On this day in 1881, Clara Barton founded the American Red Cross.
When Clara was only ten, her brother David fell off the roof of the family barn. At first he seemed fine but the next day he developed a headache and fever. The doctor diagnosed “too much blood” and prescribed the application of leeches to help draw out the extra blood. Clara took over as her brother’s nurse and spent two years at his bedside applying leeches (though David did not get any better until he tried an innovative “steam therapy” several years later).
As a girl Clara was shy and had a stutter and her worried mother asked a phrenologist (phrenologists, who were fairly common in the 1800s, examined the bumps on a person’s skull as a way to determine their personality traits) to help her. The phrenologist said that she was shy and retiring and that the solution to her problem was to become a schoolteacher. Barton did not want to teach but she began teaching in 1839 at the age of 18. She overcame her shyness, became a sought-after teacher, and believed in the value of her work. She once said, “I may sometimes be wiling to teach for nothing, but if paid at all, I shall never do a man’s work for less than a man’s pay.”
Several men proposed to Barton, but she remained single her whole life, at one point telling her nephew that on the whole she felt that she had been more useful to the world by being free from matrimonial ties.
In 1854 she gave up teaching and took a job in the United States Patent Office in Washington, D.C. She worked hard, got promoted, and within a year was making a salary equal to the men in the office (which angered the men). She left Washington for three years when the administration changed, but she returned in the early 1860s and resumed her job in the Patent Office. By 1861 war was breaking out, and when supporters of the Confederacy attacked Union soldiers in Washington, D.C., Clara helped nurse wounded soldiers in the same way she had nursed her brother when they were young.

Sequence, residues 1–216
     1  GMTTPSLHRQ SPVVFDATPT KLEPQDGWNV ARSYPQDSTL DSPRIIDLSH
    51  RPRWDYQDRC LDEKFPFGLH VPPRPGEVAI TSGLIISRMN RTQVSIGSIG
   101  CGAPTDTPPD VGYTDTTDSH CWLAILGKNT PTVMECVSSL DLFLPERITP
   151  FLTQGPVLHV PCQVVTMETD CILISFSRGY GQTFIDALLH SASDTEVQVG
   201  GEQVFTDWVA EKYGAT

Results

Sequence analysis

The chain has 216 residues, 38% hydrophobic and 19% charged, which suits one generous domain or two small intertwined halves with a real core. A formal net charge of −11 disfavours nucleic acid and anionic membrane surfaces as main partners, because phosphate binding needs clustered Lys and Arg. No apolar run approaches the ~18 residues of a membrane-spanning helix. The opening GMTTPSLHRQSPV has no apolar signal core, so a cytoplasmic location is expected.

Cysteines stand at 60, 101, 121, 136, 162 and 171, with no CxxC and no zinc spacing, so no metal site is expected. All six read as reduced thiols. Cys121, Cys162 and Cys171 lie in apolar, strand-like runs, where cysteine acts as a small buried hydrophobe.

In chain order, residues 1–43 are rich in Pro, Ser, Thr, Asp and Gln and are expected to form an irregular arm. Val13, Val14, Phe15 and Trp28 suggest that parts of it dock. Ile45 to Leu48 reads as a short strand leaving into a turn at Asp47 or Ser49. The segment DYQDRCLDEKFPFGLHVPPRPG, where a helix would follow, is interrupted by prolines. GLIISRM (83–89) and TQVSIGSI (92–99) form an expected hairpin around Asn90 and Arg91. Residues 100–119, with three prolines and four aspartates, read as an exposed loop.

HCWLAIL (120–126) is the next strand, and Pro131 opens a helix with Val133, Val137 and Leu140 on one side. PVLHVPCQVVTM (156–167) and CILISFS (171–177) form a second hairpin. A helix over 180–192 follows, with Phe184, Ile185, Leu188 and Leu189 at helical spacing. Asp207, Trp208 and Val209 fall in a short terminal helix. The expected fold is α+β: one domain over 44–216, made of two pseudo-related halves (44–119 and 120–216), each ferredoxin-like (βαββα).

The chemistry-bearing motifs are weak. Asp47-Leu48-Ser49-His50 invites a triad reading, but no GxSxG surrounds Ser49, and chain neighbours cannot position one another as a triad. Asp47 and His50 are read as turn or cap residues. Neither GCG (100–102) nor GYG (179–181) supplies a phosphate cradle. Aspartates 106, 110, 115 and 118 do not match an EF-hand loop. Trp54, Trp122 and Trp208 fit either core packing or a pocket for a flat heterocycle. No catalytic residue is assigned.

During one of the first major engagements of the war, the Battle of Bull Run, the Union suffered a staggering defeat and as Clara read reports of the battle she realized that the Union Army had not seriously considered or provided for wounded soldiers. She began to ride along in ambulances, providing supplies and comfort to wounded soldiers on the frontlines.
After the war she traveled to Geneva, Switzerland, where she learned about the International Red Cross and its mission to be a neutral organization that helped wounded soldiers. When Barton returned to the United States she pressed for the creation of a national branch of the Red Cross. But many people thought there would never again be a war as monumental and devastating as the Civil War and didn’t see the need for the Red Cross. Barton finally convinced the Arthur administration that the Red Cross could be used in other crises.
The American Red Cross was officially incorporated on this day, with Barton as its president.
Clara Barton said, “I may be compelled to face danger, but never fear it, and while our soldiers can stand and fight, I can stand and feed and nurse them….” and she said, “The door that nobody else will go in at, seems always to swing open widely for me.”
She also said, “Everybody’s business is nobody’s business, and nobody’s business is my business.”
Be well, do good work, and keep in touch.®